Trimming toenails is something that must be done on a regular basis, and it is important from the standpoint of both health and esthetics. It would make a great deal of sense to invest some time in learning to do it well and training the animals to accept it. In the author’s opinion the major reason for difficulty trimming toenails is that the animal is not taught to accept having its legs handled before handlers attempt to pick up its feet. In other words, the animal must be taught not to pick up its feet.
Sometimes the problem is that fear is misinterpreted as cooperation. The animal is picking up its foot not because it understands what the handler wants and has decided to cooperate. It is picking up its foot because it is afraid. The handler then compounds the error by refusing to release the foot when the animal wants it back because the handler is determined to get the toenails trimmed right then. This frightening process teaches the animal to begin using preemptive behavior to keep its feet out of the handler’s hands.
This then explains why the behavior of animals often gets worse, not better, with regard to toenail trimming. What began as simply picking up the foot to avoid handling goes on to picking it up and hiding it under the opposite leg, which is followed shortly by sinking down and finally by recumbency to cover up the legs altogether. Once a camelid has learned this escape or evasion behavior, it becomes a challenge to get it to give it up.
The author submits that the typical way handlers go about trimming toenails is only reinforcing a natural instinctive avoidance response in the animal instead of teaching what really needs to be learned, that is, to overcome its instincts and allow its legs to be handled.
Thankfully the way back is not that hard, but it does require a shift in thinking. The animal must first be taught not to pick up its foot! The handler must focus initially on helping the animal keep its feet on the ground. The handler moves on to actually picking a foot up only after he or she can run a hand down the leg without an evasive reaction. When the handler does pick up the foot, it must be released even before the animal asks for it.
The following process is useful for both teaching young animals to accept having legs handled and toenails trimmed. The author recommends the same process for rehabilitation of alpacas that have become difficult. Lessons are very short (3–5 minutes), and it is not necessary to work daily or even weekly. If the handler weighs animals on a regular basis, this can be a good opportunity to work on the training process, too. It takes a longer period to change the set behavior of an animal than to take precautions to avoid the problem in the first place.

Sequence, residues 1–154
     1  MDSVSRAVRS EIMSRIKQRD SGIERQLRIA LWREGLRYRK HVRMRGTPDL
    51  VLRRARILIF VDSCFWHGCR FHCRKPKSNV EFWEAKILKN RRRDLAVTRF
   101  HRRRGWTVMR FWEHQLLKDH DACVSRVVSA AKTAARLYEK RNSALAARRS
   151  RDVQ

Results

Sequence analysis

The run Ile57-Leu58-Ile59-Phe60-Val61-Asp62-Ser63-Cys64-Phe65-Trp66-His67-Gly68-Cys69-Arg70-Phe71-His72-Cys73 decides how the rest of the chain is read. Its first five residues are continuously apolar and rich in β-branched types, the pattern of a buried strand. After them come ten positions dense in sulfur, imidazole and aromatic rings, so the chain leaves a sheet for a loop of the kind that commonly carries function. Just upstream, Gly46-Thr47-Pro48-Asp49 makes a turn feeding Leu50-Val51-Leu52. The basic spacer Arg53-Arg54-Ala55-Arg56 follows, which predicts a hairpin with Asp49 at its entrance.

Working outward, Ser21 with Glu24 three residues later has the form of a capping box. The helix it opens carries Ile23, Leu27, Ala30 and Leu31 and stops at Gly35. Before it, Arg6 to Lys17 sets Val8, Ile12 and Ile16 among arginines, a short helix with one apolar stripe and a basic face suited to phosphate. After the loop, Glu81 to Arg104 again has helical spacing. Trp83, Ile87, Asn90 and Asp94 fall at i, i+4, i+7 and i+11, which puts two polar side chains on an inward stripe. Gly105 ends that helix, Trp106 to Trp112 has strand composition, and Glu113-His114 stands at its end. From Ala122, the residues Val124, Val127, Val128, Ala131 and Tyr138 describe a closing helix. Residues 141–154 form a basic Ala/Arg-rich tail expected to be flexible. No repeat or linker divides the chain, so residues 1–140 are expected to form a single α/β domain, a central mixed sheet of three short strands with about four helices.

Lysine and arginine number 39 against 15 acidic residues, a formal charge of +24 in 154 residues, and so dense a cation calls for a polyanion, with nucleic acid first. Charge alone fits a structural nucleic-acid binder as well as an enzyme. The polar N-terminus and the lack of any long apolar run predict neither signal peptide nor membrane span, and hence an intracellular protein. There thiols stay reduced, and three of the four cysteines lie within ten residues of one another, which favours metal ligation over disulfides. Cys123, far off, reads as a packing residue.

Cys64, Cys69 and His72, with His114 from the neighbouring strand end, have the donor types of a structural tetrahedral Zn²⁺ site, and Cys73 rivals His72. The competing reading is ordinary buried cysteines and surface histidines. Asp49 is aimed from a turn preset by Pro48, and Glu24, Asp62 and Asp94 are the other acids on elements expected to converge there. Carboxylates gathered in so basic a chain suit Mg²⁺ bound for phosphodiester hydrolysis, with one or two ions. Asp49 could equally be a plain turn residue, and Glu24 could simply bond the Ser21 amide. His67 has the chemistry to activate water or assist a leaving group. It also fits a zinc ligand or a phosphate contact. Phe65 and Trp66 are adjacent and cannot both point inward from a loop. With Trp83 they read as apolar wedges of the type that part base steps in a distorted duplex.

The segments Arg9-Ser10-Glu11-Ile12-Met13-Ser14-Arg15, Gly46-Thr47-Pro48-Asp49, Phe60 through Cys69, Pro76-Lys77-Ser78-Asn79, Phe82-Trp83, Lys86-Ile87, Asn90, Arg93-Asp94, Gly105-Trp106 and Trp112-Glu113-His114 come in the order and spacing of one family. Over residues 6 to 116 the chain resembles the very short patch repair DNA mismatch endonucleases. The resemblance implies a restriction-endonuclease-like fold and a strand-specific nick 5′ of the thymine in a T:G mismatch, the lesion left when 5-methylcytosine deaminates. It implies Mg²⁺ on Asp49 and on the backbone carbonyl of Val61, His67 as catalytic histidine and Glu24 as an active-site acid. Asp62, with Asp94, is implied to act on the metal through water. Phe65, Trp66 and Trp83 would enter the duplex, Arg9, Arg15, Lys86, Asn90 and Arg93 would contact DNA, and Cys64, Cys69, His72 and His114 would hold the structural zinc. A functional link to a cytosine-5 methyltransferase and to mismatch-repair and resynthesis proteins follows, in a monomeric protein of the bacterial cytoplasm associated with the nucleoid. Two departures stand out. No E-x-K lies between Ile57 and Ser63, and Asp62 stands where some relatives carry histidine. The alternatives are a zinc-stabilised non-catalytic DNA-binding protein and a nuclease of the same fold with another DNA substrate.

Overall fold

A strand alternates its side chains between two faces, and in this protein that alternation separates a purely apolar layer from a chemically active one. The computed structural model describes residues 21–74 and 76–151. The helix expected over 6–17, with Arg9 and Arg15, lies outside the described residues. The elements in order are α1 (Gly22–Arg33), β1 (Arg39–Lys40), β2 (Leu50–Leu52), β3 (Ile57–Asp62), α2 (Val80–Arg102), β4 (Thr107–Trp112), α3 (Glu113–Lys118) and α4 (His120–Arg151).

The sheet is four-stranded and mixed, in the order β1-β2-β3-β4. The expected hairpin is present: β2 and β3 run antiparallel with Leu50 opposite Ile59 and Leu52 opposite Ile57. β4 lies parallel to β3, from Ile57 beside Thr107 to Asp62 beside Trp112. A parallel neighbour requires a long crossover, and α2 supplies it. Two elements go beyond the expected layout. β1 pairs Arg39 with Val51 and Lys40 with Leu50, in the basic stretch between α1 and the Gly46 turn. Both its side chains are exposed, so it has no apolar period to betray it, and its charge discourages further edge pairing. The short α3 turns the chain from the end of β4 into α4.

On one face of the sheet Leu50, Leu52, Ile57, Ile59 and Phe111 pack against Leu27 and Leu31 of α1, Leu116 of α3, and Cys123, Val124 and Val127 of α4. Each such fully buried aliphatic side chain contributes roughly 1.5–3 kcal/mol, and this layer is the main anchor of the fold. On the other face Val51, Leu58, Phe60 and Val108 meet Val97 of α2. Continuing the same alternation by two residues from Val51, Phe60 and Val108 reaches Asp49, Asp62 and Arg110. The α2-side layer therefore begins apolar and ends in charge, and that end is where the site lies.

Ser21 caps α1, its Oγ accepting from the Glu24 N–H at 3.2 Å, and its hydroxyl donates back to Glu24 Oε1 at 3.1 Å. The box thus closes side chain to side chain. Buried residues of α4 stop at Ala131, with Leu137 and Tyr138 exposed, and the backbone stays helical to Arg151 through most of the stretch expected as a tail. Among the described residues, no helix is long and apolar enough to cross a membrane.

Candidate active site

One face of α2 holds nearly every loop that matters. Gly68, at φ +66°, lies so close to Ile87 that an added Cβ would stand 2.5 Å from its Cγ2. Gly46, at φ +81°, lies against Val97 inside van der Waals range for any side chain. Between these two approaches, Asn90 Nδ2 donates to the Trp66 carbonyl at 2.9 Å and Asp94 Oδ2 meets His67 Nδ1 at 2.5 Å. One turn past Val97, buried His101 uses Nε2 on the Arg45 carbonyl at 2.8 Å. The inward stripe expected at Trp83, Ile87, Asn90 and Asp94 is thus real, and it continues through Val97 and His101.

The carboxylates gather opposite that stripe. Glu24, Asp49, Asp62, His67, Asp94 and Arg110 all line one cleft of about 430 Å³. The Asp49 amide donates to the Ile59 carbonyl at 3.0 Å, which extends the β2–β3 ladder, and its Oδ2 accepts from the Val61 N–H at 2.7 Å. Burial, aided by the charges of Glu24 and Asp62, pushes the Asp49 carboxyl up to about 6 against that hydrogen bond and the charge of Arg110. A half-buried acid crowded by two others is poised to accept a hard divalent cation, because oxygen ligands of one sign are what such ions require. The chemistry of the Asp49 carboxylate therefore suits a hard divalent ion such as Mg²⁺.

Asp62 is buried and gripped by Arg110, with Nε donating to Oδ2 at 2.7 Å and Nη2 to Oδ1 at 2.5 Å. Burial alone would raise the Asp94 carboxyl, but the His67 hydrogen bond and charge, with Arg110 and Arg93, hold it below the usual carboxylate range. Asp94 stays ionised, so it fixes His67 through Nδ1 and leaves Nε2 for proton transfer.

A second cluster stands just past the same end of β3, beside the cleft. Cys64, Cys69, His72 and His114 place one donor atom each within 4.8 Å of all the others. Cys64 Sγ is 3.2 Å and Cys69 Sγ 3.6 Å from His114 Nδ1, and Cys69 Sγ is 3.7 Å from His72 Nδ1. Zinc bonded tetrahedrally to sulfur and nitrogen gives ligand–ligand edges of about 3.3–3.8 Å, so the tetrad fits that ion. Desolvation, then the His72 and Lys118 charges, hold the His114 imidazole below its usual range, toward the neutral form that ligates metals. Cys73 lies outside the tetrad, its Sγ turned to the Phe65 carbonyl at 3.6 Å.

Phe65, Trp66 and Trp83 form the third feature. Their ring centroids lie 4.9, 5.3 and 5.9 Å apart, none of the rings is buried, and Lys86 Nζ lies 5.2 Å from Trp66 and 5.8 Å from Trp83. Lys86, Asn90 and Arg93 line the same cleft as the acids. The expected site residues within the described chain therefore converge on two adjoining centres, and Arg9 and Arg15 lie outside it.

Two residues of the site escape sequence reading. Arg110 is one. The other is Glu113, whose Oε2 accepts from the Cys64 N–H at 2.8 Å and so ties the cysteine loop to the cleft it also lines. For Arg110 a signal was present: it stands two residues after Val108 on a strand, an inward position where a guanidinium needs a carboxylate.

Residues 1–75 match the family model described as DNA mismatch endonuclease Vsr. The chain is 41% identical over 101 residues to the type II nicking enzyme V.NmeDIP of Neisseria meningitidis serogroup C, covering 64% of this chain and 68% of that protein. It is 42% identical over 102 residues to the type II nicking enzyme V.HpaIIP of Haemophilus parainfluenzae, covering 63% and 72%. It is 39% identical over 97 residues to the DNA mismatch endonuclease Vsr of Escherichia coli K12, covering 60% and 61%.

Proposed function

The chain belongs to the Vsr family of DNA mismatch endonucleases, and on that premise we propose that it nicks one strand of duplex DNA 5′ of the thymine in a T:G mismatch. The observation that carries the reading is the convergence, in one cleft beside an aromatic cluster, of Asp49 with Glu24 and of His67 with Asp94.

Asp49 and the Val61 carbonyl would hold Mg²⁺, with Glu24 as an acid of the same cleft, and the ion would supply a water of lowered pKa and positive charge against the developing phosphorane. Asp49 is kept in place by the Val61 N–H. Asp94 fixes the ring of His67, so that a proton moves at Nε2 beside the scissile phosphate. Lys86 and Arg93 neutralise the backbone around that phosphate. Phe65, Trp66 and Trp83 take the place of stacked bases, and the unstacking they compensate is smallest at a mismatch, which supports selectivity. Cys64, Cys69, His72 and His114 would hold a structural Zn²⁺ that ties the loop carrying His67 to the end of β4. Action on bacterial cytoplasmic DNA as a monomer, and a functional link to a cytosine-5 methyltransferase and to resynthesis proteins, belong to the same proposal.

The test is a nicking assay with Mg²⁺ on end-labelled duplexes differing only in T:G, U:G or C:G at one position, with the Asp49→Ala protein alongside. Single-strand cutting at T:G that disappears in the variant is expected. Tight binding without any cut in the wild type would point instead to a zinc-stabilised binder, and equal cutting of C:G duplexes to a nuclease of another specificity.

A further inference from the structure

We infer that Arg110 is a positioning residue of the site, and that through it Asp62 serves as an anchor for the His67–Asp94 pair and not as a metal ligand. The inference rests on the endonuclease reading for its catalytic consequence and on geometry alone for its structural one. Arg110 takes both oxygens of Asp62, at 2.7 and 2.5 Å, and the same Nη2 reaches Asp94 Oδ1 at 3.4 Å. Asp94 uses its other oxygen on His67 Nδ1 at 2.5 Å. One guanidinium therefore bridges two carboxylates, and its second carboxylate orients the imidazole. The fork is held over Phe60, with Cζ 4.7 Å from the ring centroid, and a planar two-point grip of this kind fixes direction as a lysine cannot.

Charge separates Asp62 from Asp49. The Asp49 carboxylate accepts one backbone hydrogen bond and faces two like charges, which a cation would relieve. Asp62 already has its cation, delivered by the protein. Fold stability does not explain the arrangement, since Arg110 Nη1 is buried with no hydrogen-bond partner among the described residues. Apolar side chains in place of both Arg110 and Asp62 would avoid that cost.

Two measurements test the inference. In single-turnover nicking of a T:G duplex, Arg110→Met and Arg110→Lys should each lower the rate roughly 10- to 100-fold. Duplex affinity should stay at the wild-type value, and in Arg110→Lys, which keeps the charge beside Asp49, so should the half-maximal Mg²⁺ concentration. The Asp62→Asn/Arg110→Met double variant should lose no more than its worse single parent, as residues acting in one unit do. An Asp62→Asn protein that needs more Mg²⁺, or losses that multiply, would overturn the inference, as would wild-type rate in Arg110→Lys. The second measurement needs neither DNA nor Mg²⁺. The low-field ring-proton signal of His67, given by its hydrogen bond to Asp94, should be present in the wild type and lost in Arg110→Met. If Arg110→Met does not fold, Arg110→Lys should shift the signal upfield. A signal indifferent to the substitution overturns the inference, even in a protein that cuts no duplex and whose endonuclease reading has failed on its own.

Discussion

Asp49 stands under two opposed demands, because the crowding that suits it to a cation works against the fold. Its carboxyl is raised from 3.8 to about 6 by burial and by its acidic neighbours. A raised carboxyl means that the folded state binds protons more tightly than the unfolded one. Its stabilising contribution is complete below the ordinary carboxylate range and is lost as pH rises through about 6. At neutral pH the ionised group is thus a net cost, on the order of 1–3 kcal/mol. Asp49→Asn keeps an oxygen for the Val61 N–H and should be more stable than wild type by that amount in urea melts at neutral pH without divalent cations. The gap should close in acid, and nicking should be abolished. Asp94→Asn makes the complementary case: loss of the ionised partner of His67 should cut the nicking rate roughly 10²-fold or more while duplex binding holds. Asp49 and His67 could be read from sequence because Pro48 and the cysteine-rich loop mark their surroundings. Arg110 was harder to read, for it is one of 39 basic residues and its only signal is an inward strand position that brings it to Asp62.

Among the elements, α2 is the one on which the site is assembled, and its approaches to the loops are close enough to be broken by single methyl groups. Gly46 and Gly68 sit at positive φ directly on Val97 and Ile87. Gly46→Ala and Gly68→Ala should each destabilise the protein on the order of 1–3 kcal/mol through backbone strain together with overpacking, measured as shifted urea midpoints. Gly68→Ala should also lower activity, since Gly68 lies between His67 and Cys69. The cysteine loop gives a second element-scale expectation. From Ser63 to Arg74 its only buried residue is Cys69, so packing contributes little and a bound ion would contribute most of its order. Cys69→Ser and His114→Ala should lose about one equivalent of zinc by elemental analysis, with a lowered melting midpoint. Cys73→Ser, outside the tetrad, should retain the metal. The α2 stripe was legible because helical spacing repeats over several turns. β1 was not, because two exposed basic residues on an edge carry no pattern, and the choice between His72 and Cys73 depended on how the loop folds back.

The physical setup can be approached in many different ways. If you choose to work with a single animal, the ideal pen size is about 4 to 5 feet by 6 to 7 feet and larger for llamas, although your size matters as well. The idea is that the size of the pen should be just about big enough for you and the animal. This area should be near or next to other animals. The most important purpose of the setup is to limit movement without tying or restraint.
If the handler is working with a helper, his or her job is to act as a balance spotter, that is, to help keep the animal in balance while not restraining it. A light support with one hand under the jaw and the other in the groove that is just behind the bottom lip, which the author has named “the bracelet,” is an effective technique (Figure 7-7). If working alone in a small space with a single animal, the handler may hang a bag of hay or offer grain to create some incentive for the animal to stand.
With the animal in balance, the handler should begin by standing next to the animal, facing its rear. The handler should place the hand or arm that is closest to the animal across the animal’s body. This allows the handler to manipulate the animal’s balance. The animal should place its weight on the leg that the handler is planning to work with. In this way, the animal learns to keep its foot on the ground—it is very difficult to pick up a foot with weight on it! Remember this is about teaching the animal to keep its the foot down, not picking it up. The animal will have to shift its weight before it can pick up the foot. With the handler’s hand across the animal’s back, the handler will feel the animal beginning to shift its weight and be able to correct it, and help the animal succeed (Figure 7-8).
Use the back of the other hand to make firm stroking motions, always beginning at the top-line and progressing down to just above the knee on the front leg and just above the hock on the back. Do not work slowly; each stroke should take a second or so. If at any time the animal begins to shift its weight, use the hand across the back to bring the weight back into neutral, and most important, bring the other hand back up to a place on the leg that does not create a reaction. The goal is to help the animal stand in balance without leaning toward the handler or leaning against the handler’s arm, and to teach the animal that you understand its body language. If the handler insists on moving on to a point that scares the animal and ignores early subtle indications of fear, the handler will push it to begin difficult behaviors that the handler is trying to avoid, such as picking up the foot, kushing, rearing, and so on.